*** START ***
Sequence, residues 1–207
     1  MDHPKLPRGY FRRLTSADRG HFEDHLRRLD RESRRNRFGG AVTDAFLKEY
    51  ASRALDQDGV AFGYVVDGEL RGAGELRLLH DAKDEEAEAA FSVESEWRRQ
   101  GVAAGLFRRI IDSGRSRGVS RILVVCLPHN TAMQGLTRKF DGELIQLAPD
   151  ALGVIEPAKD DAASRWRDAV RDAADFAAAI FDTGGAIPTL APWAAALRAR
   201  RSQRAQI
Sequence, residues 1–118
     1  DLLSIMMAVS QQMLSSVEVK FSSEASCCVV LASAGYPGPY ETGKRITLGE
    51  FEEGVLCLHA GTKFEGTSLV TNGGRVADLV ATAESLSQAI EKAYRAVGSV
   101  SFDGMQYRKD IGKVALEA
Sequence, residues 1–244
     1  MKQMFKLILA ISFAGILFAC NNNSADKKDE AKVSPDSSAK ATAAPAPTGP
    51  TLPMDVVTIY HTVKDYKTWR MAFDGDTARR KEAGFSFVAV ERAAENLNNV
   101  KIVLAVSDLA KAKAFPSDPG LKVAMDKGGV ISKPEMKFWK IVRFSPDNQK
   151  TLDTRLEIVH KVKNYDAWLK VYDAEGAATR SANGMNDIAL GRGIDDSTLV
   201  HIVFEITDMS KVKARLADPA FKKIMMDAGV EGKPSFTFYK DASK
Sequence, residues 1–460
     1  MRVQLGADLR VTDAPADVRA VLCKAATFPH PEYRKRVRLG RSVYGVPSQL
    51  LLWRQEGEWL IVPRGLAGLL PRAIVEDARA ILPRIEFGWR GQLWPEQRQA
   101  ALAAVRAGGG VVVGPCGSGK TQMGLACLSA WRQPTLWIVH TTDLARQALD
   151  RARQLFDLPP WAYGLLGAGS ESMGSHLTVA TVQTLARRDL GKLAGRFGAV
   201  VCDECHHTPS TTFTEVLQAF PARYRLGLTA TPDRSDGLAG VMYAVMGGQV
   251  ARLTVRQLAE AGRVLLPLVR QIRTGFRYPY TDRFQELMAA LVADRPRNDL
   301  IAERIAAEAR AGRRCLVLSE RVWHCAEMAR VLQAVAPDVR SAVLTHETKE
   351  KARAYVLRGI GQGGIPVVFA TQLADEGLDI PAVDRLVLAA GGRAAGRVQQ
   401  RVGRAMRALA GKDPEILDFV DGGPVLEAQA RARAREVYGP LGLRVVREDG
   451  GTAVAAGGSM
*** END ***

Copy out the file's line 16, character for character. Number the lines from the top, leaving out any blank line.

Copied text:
   201  HIVFEITDMS KVKARLADPA FKKIMMDAGV EGKPSFTFYK DASK